|Cast of Dark Shadows, the original ABC-TV series
You think I've had enough Shadows for one lifetime? Well, of course not.
Actually, it's been over 15 years since I've watched any significant number of the original series episodes. When I was working on the novel(s) and audio dramas, I put on a few now and again to refresh my memory, but mostly I referred to Pomegranate Press's rich library of Dark Shadows books and various online resources to get the details right. Frankly, during the time I went whole hog into the creative work, I was too caught up in the business end of things to think much about the franchise from the perspective of a mere fan — a fact I've often lamented, despite the joy I took in the writing. After I watched the Burton film, I realized just how vague many of my recollections of the old series really are. Thus, I decided, it was high time to give the show another look from a very much refreshed perspective.
Yep. A few months back, I started running Dark Shadows from the very beginning, with the intent of watching all 1,225 episodes, however long it might take. Yes, I know... for many diehard fans, that means big whoop, since they've been watching, discussing, critiquing, and deconstructing the show over the course of many complete runs. That kind of devotion hasn't been my lifelong desire, although I do admit to believing that if you've lived a good life and said your prayers every night, when you die, you'll go to Collinwood. That's the way it ought to be, anyway.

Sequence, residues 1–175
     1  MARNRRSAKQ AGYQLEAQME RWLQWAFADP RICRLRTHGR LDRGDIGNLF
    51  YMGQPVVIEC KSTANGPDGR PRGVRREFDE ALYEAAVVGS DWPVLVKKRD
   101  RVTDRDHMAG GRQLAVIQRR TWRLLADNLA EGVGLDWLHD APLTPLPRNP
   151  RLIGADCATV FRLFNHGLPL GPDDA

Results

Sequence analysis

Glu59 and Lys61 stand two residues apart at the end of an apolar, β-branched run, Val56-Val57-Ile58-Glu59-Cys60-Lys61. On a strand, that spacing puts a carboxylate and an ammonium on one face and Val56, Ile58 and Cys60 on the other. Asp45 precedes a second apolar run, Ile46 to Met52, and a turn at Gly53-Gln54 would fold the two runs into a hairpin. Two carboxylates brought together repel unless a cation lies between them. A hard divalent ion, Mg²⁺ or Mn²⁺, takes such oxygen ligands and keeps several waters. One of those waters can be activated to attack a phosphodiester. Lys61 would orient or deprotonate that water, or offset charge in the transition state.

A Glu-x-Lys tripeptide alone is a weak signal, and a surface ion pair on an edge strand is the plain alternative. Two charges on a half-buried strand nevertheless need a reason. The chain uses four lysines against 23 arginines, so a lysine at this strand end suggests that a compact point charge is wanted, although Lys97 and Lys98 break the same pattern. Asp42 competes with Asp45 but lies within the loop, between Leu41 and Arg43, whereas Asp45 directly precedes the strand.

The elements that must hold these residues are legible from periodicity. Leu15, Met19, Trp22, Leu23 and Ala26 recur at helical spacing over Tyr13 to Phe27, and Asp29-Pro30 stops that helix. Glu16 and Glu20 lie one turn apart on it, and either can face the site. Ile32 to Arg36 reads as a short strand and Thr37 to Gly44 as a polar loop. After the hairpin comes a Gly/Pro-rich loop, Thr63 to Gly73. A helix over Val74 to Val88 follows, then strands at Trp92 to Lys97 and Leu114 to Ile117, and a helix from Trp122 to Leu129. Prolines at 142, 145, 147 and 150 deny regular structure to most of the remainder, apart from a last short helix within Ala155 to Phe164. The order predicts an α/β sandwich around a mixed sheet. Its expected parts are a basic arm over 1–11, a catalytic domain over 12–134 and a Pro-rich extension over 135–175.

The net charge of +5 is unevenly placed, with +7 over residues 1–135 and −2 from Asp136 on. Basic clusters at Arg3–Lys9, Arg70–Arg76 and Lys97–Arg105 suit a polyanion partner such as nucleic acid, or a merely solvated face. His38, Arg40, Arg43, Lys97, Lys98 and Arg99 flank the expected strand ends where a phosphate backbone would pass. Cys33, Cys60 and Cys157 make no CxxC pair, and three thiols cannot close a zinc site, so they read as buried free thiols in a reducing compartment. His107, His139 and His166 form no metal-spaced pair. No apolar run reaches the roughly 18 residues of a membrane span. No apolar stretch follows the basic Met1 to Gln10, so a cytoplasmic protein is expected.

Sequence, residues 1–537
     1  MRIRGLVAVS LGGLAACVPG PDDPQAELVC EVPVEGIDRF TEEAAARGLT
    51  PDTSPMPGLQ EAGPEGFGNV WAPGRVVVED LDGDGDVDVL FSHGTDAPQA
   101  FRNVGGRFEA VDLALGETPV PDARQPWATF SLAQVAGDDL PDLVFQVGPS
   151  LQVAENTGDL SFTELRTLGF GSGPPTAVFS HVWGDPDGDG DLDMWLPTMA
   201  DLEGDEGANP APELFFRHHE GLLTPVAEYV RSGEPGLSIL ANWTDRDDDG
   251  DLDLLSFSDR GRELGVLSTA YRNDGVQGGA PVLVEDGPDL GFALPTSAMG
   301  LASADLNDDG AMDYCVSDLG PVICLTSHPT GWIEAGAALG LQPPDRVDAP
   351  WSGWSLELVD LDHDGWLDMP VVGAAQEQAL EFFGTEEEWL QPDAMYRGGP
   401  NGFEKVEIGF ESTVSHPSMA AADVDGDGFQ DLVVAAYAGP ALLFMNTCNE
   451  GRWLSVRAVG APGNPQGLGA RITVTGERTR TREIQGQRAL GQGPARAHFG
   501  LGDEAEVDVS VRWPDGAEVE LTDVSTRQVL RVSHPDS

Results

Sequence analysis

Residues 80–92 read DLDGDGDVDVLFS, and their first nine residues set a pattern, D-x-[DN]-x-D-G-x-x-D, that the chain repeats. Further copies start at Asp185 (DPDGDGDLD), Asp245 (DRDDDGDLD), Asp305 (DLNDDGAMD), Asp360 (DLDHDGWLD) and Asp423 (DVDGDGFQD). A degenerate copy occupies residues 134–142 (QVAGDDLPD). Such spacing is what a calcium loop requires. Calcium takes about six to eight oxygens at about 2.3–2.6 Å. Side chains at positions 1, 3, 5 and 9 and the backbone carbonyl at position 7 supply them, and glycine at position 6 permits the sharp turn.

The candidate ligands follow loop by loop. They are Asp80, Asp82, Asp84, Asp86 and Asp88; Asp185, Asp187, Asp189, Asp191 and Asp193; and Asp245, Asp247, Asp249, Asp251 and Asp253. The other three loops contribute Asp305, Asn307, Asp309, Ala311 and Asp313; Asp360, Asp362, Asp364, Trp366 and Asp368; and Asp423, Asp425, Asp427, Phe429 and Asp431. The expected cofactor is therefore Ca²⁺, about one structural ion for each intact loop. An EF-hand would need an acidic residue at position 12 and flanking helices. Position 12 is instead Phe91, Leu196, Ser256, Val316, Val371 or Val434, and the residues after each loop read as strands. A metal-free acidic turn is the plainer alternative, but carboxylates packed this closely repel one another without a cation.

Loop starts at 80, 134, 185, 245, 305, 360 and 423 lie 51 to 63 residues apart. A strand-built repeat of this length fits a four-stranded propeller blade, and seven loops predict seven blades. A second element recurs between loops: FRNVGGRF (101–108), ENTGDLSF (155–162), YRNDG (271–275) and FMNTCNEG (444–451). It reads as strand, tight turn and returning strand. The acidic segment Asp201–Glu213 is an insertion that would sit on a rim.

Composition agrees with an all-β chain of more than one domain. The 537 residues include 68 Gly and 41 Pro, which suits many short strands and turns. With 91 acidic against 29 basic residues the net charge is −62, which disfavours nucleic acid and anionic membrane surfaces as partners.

So, I'm a few hundred episodes in, during the early period when Barnabas Collins (Jonathan Frid) is at his most evil. When I was a kid, of course, it was the whole vampire business that excited the living crap out of me, but watching it now, Barnabas Collins — cold, two-faced, murderous predator — is really quite disturbing. Naturally, being daytime television in the 1960s, there wasn't much graphic about it, and though the actors played it very seriously, you could safely let your kids watch it without fear they'd be damaged for life (although, back then, some particularly sensitive souls did persist in attempting to get the show banned because it just might have ruined your young'uns forever and forever). Later on, of course, Barnabas became far more even-tempered and sympathetic, even heroic. So much the better, I suppose, but even now, I find Barnabas, dark, powerful, and unrepentant, far more fascinating than brooding, tortured, sometimes wishy-washy Barnabas.
|Elizabeth Collins Stoddard (Joan Bennett), Roger Collins (Louis Edmonds),
Jason McGuire (Dennis Patrick)
I manage to catch a few episodes here and there, so this full run may be a couple of years in the making, who knows. In any event, an awful lot of that old Dark Shadows excitement, which fell by the wayside while I was involved in the business of writing Shadows, has come rushing back. Warts and all — and yes, there are many of them, oftentimes hilarious — Dark Shadows retains much of the sheer imaginative power that enthralled me all those many years ago. Indeed, it has been one of the constants of my creative life. It's magic, that's what it is.